Let us, accordingly, take Plato’s hint; let us go ahead and weave Machaon’s case into the context provided by Socrates’ recommendations. We immediately notice that it counts as something more than just a case of a physician being himself in need of a physician. It seems also to be a case in which a physician might have healed himself, but does not. For it is striking that we never hear from Homer about when or how the arrow by which Machaon was wounded came to be removed. We hear nothing of this, even though the arrow-wound was the reason that Machaon was withdrawn from battle in the first place; even though removing arrows safely is the only skill that Idomeneus sees fit to mention when praising the doctor as worth many other men together (11.515);  even though we are told that cutting the arrow from Eurypylus’ leg is the very first thing Patroclus does when called upon to give medical care (11.844–845).
There is ample evidence that in ancient times the scholarly commentators on Homer fretted over this topic. One scholiast claims, on no evidence, that Nestor removed the arrow himself; some wonder if Machaon’s wound was only superficial; others go so far as to deny that he was even wounded. These last two explanations also provide them with a reason why Machaon, in his condition, would have been served an inflammatory drink, or one that was merely a pick-me-up. Still others share the view of Plato’s Socrates that Homeric heroes were not cossetted as are men today.  All of these explanations respond to the scholars’ perplexity over the fact that Machaon is never shown intervening in his own care—not even to the extent of issuing instructions to others. (Let us grant that it would have been more difficult for him to perform manual operations on himself.) The Life of Homer makes the issue especially clear: whereas Patroclus gives painstaking care to the wounded Eurypylus on several fronts, it notes, Machaon is given more casual treatment, whether because his shoulder wound is neither fatal nor even serious, or “perhaps as a way for the poet to put Machaon’s skill on show; for he, taking as it came such treatment as he received, had the ability to heal himself.”  Precisely because we never hear the physician say a word about his own care, our thoughts turn to the fact that he could readily have done so.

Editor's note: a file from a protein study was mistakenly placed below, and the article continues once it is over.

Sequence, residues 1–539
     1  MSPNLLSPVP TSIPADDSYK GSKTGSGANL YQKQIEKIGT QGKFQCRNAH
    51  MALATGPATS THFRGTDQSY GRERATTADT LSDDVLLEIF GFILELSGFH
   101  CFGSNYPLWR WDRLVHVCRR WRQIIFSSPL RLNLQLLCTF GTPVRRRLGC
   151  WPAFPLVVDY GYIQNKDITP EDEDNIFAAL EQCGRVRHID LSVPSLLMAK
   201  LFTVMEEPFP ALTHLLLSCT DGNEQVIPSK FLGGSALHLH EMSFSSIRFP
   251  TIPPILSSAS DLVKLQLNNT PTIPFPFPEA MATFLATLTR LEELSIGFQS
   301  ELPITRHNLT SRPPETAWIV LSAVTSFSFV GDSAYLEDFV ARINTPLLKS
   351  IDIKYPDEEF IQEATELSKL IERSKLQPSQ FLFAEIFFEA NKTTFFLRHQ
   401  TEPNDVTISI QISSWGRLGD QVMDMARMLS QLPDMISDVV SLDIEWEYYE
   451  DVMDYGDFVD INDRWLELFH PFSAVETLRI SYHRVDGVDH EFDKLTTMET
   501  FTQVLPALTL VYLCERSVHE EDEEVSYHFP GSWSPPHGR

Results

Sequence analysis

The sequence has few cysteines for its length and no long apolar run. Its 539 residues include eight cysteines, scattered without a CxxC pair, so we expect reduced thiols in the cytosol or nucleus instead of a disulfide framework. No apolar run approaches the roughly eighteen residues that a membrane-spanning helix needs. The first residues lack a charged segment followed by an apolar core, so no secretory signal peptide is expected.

Plato the writer ensures that this thought—the thought that Socrates’ conflation elides—is taken up and rendered thematic in the account of the Guardians’ physical regimen and medical care. To begin the account, Socrates insists that his Guardians should abstain from drunkenness, since someone whose job is to keep watch is the last person we would want confused about their surroundings. Here Plato allows Glaucon to embroider with a joke: “yes, it would be funny for a guardian to need a guardian” (403e). And yet, as we have seen, sometimes a doctor may himself stand in need of a doctor. What is more, Socrates is in the process of making clear that the guardians do, in a sense, need their guardian. It is all very well for Glaucon’s brother Adeimantus to have proposed at the outset of Book 2 that each man should ideally be his own best guardian (367a); in what follows in Books 2 and 3, Socrates imposes a strict regimen of moral and physical education on the Guardians. After the regimen is in place, he explains that its purpose is to “guard against” (φυλακτέον) the possibility that the Guardians, as dogs who take care of the civic herd, should turn wolf against their own citizens. “Yes,” says Glaucon, “we must guard against that” (φυλακτέον) (416a–c). It seems we must indeed guard against our “guardians” (φύλακες).